Participating in Industrial Trade Fairs – Reflections From a Small Scale Industrialist

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Last month I received a call from my client Mr. Paul (name changed). “I want to discuss about a design modification I need in the latest Pipe bending machine we developed. Can you drop in?”

Mr. Paul’s requirement was simple. He wanted to cut short the length of the machine from 3.2 meters to 2.5 meters. Why? This “shortened” machine will be able to fit in to a smaller plinth area of a display cubicle in the trade show where he is to display the machine.

“You know, I never miss an opportunity to show-case my machine in the trade shows. But the cost of hiring floor-space in the trade shows is always a huge concern for me. Our standard machine is long, justifiably for the length of the pipe it handles; But if I can shorten the length just for demo purpose, I can go in for the next smaller standard cubicle space and save about 30% costs!” explained Mr. Paul.

With my 10-year association with Mr. Paul, I know pretty well what a smart business man and marketing wizard he is. All his pipe bender models were designed by me.

“Catalogs can inform; but they can’t sell” he would say. “Seeing is believing. A potentially new client wants to physically see the existence and working of the machine made by me” he would say.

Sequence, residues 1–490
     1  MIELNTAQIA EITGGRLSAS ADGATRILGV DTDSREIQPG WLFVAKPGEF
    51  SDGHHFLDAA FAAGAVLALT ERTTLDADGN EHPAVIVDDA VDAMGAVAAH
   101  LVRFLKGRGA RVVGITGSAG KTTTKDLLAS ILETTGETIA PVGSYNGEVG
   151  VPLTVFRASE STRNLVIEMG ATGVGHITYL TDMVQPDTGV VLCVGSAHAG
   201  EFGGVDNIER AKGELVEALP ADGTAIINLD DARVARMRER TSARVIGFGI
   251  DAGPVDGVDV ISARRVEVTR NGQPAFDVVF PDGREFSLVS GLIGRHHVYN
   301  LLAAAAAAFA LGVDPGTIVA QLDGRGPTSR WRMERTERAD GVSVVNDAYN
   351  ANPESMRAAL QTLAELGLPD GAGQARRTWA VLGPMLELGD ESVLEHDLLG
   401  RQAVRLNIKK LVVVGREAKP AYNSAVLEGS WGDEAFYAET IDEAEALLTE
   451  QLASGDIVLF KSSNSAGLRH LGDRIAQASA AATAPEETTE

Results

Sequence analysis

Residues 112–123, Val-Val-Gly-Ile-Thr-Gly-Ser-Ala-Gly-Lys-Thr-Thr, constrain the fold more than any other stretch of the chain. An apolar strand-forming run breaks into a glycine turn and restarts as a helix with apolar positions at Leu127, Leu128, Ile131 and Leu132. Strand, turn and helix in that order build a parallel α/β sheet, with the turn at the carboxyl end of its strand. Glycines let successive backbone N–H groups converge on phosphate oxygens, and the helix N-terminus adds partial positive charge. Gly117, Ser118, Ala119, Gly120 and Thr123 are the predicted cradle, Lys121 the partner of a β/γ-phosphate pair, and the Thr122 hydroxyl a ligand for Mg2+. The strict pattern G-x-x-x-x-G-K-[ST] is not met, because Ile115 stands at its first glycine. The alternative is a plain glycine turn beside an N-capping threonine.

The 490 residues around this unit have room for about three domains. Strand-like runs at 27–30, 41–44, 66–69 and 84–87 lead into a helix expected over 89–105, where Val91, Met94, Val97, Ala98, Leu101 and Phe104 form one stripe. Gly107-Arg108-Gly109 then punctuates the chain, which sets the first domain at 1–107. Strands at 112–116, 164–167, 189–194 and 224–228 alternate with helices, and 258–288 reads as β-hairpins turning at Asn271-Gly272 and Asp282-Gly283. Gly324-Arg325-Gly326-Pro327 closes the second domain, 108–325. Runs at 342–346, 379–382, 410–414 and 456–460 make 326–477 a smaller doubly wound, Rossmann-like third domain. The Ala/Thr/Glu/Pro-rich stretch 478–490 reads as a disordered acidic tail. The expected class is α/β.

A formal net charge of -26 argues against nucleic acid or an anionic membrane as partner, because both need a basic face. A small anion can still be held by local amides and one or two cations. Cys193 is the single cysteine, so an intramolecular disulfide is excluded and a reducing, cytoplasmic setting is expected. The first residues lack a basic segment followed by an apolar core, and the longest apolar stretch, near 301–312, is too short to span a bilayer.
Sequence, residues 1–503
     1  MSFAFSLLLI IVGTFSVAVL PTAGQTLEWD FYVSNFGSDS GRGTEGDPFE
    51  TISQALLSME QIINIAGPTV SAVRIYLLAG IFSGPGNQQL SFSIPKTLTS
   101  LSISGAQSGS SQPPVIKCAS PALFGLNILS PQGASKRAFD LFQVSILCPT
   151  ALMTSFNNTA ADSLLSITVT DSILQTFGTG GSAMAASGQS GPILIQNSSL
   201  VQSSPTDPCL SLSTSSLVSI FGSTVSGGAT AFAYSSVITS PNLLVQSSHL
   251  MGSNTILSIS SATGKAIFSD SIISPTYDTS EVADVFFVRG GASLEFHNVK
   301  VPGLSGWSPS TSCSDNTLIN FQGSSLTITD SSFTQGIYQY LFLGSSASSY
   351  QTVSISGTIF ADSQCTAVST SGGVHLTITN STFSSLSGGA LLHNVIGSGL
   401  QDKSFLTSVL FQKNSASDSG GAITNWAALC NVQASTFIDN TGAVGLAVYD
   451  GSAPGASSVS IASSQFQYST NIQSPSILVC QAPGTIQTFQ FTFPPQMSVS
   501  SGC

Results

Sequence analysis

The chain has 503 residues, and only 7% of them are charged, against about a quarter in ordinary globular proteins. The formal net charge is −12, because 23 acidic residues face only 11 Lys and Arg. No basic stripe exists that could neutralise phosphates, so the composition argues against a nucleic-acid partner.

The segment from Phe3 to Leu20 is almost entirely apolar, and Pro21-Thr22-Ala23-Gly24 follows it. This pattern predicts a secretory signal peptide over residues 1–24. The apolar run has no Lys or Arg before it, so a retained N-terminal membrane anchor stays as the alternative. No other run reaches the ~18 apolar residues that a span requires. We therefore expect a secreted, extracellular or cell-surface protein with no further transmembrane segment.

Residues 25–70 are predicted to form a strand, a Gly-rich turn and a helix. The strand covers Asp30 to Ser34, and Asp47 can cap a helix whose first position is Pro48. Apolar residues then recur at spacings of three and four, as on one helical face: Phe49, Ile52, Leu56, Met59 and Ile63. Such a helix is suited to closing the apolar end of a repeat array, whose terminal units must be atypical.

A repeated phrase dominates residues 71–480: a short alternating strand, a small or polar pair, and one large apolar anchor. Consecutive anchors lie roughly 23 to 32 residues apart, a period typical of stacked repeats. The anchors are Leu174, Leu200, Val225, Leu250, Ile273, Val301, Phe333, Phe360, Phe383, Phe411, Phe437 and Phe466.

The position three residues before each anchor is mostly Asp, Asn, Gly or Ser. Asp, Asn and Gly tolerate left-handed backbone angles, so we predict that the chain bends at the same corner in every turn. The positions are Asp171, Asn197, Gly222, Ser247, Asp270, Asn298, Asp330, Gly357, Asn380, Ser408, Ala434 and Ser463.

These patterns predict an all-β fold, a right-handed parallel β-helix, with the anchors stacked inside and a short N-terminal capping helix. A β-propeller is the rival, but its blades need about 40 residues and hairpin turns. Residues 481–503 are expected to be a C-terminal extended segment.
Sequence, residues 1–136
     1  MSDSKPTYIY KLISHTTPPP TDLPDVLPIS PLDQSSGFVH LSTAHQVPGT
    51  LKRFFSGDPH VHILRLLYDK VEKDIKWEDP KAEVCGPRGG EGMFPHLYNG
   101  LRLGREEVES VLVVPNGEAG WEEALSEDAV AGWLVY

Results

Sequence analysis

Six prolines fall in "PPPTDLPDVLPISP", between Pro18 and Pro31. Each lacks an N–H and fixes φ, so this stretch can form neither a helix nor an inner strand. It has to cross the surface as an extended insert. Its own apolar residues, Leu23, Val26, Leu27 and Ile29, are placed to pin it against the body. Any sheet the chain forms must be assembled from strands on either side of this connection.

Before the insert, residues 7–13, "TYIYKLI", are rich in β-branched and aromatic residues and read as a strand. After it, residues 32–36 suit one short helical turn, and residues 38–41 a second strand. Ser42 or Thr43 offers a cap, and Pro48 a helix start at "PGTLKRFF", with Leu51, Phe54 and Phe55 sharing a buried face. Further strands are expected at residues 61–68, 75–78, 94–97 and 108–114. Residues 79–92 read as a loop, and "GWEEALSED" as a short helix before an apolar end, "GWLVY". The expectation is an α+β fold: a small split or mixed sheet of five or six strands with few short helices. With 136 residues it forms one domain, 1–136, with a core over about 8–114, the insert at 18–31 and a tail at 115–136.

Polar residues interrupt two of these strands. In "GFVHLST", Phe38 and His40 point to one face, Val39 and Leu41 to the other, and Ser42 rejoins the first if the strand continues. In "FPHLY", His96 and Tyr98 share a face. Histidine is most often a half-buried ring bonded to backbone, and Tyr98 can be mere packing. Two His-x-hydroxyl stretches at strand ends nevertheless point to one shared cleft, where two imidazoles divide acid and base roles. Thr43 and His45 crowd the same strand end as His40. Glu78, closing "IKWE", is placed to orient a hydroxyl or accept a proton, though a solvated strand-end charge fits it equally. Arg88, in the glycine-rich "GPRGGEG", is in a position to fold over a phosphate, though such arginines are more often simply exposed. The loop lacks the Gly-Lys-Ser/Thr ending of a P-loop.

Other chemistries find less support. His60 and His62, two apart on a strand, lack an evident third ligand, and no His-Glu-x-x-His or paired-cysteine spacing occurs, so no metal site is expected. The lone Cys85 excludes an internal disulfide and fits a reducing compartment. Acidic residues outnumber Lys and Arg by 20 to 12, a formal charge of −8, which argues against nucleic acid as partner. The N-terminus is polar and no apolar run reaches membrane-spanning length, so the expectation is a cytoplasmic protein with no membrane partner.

Participation in a trade show is not an economical proposition for all. It involves lots of costs — cost of hiring the stall area, cost of transportation, erection and commissioning of your equipment, cost of interior decoration of the stall, rent for furniture, electricity bill, cost and time of your personnel who have to man the stalls and so on.

That Mr. Paul, who is extremely frugal to the extent of being labeled as stingy does not mind spending in all these, speaks volumes about the effectiveness of his marketing through trade shows.

Showing proudly more than a dozen participation mementos in trade shows that he has displayed prominently at his office, he would say, “At practically each of these shows, I have come across new clients whom I would have never known otherwise; who would have never known my existence. Of course, I don’t make one-to-one sales in every trade show. There are exhibitions in which I paid through my nose but ended up with no orders. But, leads — new business leads, possible future clients, valuable inputs from potential clients on what features they want in the machines they intend to buy — I get them all there.”

Mr. Paul says two “F”s are extremely important: Focus and Follow-up. “Focus on the right type of trade shows where the most potential clients are likely to visit and focus on entertaining the right clients amidst casual on-lookers; then follow up with them after the trade show. Chase the most interested customers; send “thank you” mails to all those who gave business cards or made an entry in the visitor’s books”.

Yes. Trade shows are very effective if you focus and then follow-up.

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